Confidentiality preserves the integrity of the selection process and protects the privacy of the candidates. All members of a search committee, including students and individuals outside the department or school, have access to confidential search information on a “need to know” basis. All members of the search committee with access to search records are ethically bound to the utmost level of confidentiality. Specifics of the committee deliberations should not be discussed with anyone outside the search committee, with the exception of the department chair, dean of the school, or the Office for Faculty Equity & Welfare. The requirement for confidentiality extends to all aspects of the search, including written and verbal communications. Discourage discussions about candidates that do not focus on the established criteria for the position. Demographic characteristics, family status, spousal/partner issues, or other non-job related information or rumors should not enter into deliberations about the candidates.

Guidelines for applicant evaluation

  • Review the written materials submitted for each candidate who meets the minimum qualifications, ensuring that sufficient time is spent on the initial review of each application to provide a thorough assessment. Rushing or spending too little time can increase the influence of unconscious bias.

  • Each candidate’s file should be reviewed by more than one search committee member.

  • Evaluate each candidate’s entire application using established selection criteria; don’t depend too heavily on only one element.

  • Be careful not to subject women or minority candidates to different expectations. The work, ideas, and findings of women or minorities may be undervalued or unfairly attributed to a research director or collaborators despite contrary evidence in publications or letters of reference.

  • Be careful not to make assumptions about possible family responsibilities and their effect on the candidate’s career path that would negatively influence evaluation of a candidate’s merit, despite evidence of productivity. Considerations of potential spouse/partner hiring needs should not be taken into account when evaluating the candidate.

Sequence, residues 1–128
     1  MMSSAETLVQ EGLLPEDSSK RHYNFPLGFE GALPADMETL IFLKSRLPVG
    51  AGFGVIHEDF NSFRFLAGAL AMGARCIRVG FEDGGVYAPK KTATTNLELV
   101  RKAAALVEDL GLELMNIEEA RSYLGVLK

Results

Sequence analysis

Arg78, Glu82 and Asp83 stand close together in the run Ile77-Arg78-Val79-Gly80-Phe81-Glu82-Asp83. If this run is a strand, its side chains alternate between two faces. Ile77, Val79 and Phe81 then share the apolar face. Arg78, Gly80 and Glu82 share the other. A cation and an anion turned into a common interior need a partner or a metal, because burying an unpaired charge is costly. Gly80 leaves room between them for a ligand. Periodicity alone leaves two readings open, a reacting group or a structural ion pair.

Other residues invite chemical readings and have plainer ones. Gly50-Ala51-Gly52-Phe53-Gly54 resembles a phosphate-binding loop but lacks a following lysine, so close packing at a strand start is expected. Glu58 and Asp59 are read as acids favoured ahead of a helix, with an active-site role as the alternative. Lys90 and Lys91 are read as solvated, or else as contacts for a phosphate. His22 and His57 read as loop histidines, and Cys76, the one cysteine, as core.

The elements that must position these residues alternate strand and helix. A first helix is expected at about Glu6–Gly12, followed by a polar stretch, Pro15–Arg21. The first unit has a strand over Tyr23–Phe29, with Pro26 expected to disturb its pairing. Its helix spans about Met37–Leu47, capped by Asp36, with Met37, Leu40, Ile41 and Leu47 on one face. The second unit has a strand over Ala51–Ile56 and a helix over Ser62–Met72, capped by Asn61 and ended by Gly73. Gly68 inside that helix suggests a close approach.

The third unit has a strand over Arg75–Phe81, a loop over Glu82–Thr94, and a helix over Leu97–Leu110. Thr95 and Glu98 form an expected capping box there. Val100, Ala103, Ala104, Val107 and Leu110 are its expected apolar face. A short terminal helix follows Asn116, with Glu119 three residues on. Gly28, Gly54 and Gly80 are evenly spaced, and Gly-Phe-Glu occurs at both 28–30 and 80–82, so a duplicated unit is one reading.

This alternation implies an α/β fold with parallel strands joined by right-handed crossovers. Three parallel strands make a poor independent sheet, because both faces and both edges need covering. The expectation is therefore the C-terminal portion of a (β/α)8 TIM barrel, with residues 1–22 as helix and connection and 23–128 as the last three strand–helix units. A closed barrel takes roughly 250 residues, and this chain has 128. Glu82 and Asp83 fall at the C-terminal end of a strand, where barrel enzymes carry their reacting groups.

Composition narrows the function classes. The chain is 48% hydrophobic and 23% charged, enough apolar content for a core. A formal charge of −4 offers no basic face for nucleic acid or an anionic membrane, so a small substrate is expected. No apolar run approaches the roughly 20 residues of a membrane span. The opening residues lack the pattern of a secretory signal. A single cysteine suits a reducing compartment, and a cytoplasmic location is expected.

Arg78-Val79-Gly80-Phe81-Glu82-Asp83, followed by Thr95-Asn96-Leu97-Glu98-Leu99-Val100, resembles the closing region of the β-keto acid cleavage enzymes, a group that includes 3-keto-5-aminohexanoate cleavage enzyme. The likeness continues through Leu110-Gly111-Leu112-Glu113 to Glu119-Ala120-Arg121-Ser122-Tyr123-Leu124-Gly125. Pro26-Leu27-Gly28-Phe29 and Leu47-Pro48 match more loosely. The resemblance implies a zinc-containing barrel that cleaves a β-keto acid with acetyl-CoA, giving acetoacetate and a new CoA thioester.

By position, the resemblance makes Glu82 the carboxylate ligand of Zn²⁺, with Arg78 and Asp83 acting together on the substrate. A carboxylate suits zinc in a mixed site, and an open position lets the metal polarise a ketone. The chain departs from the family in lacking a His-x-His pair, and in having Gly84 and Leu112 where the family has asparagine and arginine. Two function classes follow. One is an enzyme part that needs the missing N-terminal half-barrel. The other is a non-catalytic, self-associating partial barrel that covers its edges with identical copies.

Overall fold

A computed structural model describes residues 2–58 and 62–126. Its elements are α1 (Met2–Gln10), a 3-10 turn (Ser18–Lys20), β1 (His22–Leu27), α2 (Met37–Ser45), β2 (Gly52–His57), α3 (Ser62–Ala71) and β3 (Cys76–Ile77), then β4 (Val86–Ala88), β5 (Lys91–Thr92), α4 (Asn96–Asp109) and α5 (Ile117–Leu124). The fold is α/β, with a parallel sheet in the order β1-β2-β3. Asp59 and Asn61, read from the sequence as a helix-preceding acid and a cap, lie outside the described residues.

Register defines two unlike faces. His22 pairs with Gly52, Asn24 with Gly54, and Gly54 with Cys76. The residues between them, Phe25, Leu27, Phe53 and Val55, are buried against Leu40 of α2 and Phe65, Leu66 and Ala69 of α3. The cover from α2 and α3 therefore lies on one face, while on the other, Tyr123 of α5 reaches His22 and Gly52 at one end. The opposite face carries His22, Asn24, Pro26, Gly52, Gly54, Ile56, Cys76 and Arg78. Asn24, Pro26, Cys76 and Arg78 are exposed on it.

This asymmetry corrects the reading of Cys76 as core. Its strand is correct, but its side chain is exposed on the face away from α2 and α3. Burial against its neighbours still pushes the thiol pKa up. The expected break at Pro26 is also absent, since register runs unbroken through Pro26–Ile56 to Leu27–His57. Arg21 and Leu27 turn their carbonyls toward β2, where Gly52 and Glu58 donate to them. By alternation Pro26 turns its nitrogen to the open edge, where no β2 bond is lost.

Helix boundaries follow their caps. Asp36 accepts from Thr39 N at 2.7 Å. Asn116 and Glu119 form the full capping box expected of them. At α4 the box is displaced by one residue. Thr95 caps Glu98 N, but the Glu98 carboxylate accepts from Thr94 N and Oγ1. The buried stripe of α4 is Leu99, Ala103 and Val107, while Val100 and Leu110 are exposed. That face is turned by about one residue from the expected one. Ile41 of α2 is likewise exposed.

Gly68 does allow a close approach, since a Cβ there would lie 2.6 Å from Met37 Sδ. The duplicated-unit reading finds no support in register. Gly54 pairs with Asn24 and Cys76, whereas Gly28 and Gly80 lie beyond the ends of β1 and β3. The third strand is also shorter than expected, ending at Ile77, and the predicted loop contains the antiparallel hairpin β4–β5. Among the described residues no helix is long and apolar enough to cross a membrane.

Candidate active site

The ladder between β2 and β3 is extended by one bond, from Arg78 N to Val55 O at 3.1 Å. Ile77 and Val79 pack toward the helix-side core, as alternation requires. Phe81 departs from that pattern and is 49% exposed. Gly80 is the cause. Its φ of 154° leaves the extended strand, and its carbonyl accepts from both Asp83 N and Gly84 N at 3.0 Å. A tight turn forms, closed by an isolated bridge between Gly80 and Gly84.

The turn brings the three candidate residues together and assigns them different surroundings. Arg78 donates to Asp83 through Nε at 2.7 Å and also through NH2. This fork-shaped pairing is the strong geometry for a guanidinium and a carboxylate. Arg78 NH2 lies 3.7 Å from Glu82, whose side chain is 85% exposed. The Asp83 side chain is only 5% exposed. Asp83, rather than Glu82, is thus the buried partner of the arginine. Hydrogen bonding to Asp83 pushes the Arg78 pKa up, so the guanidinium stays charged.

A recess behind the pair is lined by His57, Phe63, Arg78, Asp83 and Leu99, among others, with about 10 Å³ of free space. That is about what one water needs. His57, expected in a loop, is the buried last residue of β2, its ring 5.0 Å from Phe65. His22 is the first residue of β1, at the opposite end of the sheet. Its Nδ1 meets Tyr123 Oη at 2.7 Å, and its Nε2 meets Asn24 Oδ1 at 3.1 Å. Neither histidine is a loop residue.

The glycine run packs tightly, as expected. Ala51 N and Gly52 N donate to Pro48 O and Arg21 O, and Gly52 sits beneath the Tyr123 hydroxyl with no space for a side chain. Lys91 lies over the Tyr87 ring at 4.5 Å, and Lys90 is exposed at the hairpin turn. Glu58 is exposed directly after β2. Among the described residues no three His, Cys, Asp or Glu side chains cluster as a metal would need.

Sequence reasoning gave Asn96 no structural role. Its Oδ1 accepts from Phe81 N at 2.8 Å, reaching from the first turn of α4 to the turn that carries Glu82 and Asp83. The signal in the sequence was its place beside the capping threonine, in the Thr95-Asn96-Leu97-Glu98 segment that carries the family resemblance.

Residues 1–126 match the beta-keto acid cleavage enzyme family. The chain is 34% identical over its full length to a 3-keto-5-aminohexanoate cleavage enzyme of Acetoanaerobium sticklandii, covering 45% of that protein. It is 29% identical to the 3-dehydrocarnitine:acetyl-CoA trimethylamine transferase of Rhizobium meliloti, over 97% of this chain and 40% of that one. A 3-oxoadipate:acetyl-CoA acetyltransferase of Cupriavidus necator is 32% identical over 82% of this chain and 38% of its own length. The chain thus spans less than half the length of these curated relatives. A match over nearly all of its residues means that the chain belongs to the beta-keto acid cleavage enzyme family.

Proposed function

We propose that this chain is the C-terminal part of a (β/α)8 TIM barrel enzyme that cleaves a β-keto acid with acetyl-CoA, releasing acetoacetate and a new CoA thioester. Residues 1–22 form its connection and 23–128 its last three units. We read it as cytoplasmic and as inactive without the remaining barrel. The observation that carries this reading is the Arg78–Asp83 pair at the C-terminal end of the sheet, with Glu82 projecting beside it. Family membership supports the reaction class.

• A candidate may be selected for his/her track record in diversity‐related research or working with diverse students, but State law prohibits use of characteristics of the individual (e.g., race, sex, color, ethnicity, disability, veteran status, or national origin) as a basis for selection. This constitutes preferential treatment.

  • Candidates should not be selected based on University/college/graduate advisor’s reputation. This is hard to justify as job‐related, and it may discriminate by race or gender.

  • The search committee should not rank the finalists too early in the process; instead summarize the strengths, weaknesses, and likely contributions to the department or school and the campus for each candidate.

  • The search committee should consider creating several ranking lists for the top candidates, with each list focused on one particular criterion. This allows the department or school to understand their priorities and contemplate several different “top choice” options.

  • Consider creating a “medium” list prior to the creation of the short list to evaluate whether there are women or minority candidates on it. If there are not, consider intensifying the search before choosing the short list.

Provide disposition reasons for applicants who will not move forward for serious consideration

Applicants who are reviewed and determined not to merit serious consideration or a campus visit should have at least one disposition reason assessed to them at that time (refer to section on disposition reasons for more information).

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